Since 2008, voices from every corner of the media have emerged to express doubt and disappointment in Michelle Obama’s performance in the White House. Many of these voices concentrate on the lack of the FLOTUS’s attempts to bring feminism to the black community, a demographic historically excluded from the framework of feminist thought.
Her position as both a political and cultural icon gives her the opportunity to re-define feminism on a public platform, perhaps shifting the perception of the term to be more attractive to women of color. But when the Washington Post dropped the f-bomb in 2007, Obama ducked and dodged. “You know, I'm not that into labels, so probably, if you laid out a feminist agenda, I would probably agree with a large portion of it," she said. "I wouldn't identify as a feminist just like I probably wouldn't identify as a liberal or a progressive."
Given the incredibly polarized political atmosphere and conservative demonization of feminism, feminists, and women in general, its no surprise that the first lady decided against a hard line stance on feminism as a label, preferring “Mom-in-Chief.” And indeed, thus far Obama has championed childhood nutrition as her cause, a suitable one for a “Mom-in-Chief.” But this label, too, has come under fire.
Debra Dickerson at Salon is one of many who has expressed disappointment from the beginning in Michelle Obama’s “Mom-in-Chief” rhetoric and decisions, criticizing both Obama herself and the political atmosphere in which she exists that demands women function as wives and mothers in order to get their husbands elected.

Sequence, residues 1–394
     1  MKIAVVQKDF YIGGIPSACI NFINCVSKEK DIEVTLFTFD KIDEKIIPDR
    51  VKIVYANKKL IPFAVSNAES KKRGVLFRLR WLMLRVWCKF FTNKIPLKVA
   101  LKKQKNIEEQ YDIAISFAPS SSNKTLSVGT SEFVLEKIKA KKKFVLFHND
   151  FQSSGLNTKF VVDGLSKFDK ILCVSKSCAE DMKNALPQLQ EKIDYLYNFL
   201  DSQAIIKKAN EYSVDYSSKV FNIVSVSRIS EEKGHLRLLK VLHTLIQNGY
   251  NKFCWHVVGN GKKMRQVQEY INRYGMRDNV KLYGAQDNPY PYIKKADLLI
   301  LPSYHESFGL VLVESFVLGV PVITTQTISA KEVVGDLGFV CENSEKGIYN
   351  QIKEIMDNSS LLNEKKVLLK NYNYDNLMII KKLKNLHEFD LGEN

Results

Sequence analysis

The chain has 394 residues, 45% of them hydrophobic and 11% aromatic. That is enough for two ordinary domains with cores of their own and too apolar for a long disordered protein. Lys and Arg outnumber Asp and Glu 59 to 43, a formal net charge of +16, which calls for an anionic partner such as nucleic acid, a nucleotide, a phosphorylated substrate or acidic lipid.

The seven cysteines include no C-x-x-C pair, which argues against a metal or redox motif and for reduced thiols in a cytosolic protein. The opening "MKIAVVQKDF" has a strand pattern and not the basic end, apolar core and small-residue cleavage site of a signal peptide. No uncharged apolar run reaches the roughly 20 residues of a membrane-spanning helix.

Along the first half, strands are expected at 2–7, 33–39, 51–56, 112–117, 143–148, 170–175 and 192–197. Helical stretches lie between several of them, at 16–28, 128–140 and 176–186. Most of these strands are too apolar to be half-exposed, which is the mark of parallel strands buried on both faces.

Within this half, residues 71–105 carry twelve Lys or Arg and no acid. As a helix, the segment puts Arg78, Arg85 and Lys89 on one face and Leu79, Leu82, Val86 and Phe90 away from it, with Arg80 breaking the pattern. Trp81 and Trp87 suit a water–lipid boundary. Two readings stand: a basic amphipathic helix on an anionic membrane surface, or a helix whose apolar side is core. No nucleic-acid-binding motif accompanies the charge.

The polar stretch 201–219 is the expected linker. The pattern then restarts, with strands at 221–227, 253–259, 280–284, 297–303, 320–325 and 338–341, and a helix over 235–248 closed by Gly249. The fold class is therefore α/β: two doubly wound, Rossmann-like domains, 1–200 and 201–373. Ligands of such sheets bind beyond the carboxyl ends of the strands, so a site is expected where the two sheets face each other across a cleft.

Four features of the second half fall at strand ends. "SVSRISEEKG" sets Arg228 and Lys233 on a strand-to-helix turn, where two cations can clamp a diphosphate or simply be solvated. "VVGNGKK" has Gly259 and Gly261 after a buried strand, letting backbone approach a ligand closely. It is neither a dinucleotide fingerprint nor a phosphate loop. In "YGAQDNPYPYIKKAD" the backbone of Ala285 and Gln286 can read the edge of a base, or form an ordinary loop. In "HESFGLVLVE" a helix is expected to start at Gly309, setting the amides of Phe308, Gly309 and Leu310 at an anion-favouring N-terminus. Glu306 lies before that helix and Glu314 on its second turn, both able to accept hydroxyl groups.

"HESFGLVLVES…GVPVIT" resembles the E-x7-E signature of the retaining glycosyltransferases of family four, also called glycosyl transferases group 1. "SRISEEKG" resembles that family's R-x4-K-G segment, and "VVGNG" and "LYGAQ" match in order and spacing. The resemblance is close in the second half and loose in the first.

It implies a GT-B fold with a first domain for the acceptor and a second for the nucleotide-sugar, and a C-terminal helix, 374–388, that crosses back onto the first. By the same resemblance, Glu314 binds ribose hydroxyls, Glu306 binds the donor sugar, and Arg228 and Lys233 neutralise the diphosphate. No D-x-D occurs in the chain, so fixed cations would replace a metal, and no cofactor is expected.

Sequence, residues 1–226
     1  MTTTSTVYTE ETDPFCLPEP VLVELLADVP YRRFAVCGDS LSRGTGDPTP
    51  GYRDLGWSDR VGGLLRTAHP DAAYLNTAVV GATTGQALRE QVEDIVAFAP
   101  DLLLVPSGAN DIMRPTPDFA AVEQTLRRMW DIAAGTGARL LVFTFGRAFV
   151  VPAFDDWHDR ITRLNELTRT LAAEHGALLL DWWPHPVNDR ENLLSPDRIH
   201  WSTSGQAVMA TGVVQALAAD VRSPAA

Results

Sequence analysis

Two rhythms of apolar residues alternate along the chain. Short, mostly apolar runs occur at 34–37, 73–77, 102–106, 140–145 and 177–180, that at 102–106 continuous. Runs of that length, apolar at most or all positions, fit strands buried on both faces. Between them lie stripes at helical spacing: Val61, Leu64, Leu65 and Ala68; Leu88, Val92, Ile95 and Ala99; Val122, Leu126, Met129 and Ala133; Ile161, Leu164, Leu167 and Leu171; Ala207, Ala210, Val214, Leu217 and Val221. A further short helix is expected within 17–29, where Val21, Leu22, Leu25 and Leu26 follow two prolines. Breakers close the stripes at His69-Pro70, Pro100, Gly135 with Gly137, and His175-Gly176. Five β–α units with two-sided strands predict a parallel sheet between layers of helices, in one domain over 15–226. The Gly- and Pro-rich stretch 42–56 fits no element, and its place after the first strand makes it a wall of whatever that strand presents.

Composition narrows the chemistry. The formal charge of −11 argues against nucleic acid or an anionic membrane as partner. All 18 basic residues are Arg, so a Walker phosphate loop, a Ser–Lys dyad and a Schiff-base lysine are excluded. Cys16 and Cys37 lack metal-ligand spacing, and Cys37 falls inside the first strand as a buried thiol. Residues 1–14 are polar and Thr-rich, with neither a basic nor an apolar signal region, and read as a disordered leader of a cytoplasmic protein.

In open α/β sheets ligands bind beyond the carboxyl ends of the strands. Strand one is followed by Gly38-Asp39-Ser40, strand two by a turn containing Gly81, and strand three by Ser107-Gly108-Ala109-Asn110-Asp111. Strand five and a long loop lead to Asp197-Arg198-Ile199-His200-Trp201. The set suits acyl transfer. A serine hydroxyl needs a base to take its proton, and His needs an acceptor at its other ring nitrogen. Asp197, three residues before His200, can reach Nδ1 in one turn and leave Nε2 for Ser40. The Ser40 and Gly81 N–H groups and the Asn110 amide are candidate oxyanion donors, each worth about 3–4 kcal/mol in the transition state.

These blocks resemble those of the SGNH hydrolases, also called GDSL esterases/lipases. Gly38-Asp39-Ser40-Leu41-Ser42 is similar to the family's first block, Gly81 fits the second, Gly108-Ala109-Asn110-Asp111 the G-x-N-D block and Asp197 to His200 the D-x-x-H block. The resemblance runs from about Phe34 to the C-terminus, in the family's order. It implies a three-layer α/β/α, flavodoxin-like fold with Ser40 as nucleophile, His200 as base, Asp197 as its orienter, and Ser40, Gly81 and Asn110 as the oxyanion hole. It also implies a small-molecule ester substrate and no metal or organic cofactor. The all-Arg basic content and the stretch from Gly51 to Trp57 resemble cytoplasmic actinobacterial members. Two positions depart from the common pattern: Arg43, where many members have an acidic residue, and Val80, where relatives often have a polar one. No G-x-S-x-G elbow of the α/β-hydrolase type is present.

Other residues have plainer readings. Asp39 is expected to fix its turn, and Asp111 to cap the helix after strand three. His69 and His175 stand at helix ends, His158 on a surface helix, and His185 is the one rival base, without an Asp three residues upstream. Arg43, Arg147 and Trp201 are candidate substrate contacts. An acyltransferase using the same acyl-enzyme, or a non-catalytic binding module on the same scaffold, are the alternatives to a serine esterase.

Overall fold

However, many black feminists are saying that Obama as “Mom-in-Chief” is as radical and important, or maybe more so, than Obama as a feminist. Women of color have been culturally stereotyped as separate from, and often in opposition to, the ideal motherhood of soccer moms and PTA presidents. It is a stereotype created by and for the wealthy white majority, so it is no wonder that women of color and impoverished women fail to achieve that standard. In turn, the white-dominated culture responds with negative stereotypes that question the abilities of women. Tami Winfrey Harris at Clutch magazine comments, “Feminists who wish that Obama would strike a blow for feminism and against stereotyped roles of women, too easily forget that all women are not burdened by the same stereotypes. The way sexism visits white women and women of color, including black women, is similar in its devastation but often unique in its practice.”
During her second term, freed from the constraints of re-election, Michelle could employ her position as a link between traditional self-identified feminists and women of color who reject that label to find a common ground. Her power as a leader, compelling gifts as a speaker, and seemingly limitless poise could begin a movement to create solid alliances between the feminist community and other activist groups.
So basically, what Michelle Obama is doing wrong is also what she’s doing right. And hopefully during her second term she will find a way to bring those two feuding sides of her fan club together.